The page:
We all know that adopting a customer-first strategy is essential for business growth and profitability. However, customer centricity has become even more important today, as a result of all the changes in our customers’ behaviour following the global covid lockdown. We are now even more impatient and demanding of businesses, and quick to complain publicly when things go wrong, or rather when we are not totally satisfied.
All companies need to put their customers clearly at the heart of their organisation. But I know that many struggle, even in more normal times, to be customer-centric. They just don’t know where to start. Am I right? If you’re in this situation yourself, then this article is for you. In it I share ten simple actions to accelerate your organisation along its path to an improved customer-first strategy.
#1 Review & Revise the Description of your Target Audience
Do all your brands have a clear description of their target audience? These days we tend to speak about personas or avatars.
Is it as complete as it should be? If not, then regular readers will know about and probably use the C3Centricity 4W™ template for storing all this information. You can download it and get the accompanying workbook for free here.
In your avatar, you must include not only your customers’ demographics and consumption / purchasing habits, but also information about where they do these things, what values they have that you can tap into and what emotions motivate them to purchase and use your brand.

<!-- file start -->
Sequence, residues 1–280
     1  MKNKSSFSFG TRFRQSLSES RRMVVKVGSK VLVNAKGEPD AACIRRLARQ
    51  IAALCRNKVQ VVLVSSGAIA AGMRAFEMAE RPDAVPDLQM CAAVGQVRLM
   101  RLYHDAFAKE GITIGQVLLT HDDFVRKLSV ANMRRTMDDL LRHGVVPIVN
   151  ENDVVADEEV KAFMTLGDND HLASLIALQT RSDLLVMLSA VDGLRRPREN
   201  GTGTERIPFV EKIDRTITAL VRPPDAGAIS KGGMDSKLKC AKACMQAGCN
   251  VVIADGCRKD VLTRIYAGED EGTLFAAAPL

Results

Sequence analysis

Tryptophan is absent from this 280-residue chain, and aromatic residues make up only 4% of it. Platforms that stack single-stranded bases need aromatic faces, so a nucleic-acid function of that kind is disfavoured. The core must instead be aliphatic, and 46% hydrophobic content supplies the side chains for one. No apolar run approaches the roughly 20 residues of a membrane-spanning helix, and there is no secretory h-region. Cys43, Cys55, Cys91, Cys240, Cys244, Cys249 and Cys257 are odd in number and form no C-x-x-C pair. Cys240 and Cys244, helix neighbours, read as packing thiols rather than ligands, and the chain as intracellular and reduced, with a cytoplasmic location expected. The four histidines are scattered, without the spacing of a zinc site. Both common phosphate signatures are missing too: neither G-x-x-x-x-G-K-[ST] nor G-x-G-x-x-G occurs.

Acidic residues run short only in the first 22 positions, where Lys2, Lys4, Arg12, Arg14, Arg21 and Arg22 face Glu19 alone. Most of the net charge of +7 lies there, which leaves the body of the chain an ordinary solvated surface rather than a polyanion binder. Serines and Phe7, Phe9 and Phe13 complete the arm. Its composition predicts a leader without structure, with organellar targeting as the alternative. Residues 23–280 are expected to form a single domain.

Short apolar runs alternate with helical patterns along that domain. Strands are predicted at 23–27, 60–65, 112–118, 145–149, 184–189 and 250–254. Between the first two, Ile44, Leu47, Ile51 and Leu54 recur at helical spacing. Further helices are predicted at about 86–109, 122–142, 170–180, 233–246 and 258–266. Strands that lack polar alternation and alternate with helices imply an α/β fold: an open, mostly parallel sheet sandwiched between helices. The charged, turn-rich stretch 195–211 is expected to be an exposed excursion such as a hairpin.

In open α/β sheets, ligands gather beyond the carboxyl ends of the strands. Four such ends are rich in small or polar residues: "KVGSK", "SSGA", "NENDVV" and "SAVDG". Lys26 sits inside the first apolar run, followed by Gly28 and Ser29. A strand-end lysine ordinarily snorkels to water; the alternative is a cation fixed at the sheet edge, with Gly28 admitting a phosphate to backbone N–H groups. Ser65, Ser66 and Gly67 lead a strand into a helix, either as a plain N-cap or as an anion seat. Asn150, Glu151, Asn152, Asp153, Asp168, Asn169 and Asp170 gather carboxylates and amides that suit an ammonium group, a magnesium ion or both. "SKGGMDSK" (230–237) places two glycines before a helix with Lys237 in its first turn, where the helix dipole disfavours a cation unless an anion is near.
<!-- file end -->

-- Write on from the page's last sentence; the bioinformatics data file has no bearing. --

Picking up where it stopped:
#2 Assess the Optimum Way of Connecting with Your Customers
Do you know the best way to contact your target customers, as well as their preferred place and time to connect?
Review how you communicate with your customers and what information exchange there is at that time. Is it one-way or two? Are you in a monologue or a dialogue?
Obviously the second is what it should be. You can learn far more about your customers by listening, especially when they are ready to share their information with you.
For an original take on engaging your customers see “You’re missing out on a Free Communication Channel!” (Any guesses what it is?)
[bctt tweet=”Review how you communicate with your customer and make sure its a dialogue not a monologue. #Brand #Communications #Marketing” username=”Denysech”]
#3 Identify the Needs Your Brand is Addressing
Do you know what needs your customer has and which of them you are tapping into?
They certainly have more than one need, but you must identify and address only one at a time.
If you attempt to address more than one and especially if they are not sequential, your customer may be confused.
Mixed brand messages on what the brand can do for them, will leave your customers perplexed. This will, in turn, reduce the likelihood that they will be convinced your offer can meet their needs and objectives.
Knowing where your brand sits on Maslow’s hierarchy of needs has one additional benefit. It can increase the success of regional and global launches by identifying cultures with similar levels of a specific need.
For more on this, please see “How to Take Local Brands to Global Success: The 5 Rules to Fortune.”
[bctt tweet=”Knowing where your brand sits on Maslow’s hierarchy of needs has an additional benefit. It can increase the chance of success of regional & global launches. #Brand #Values #BrandEquity” username=”Denysech”]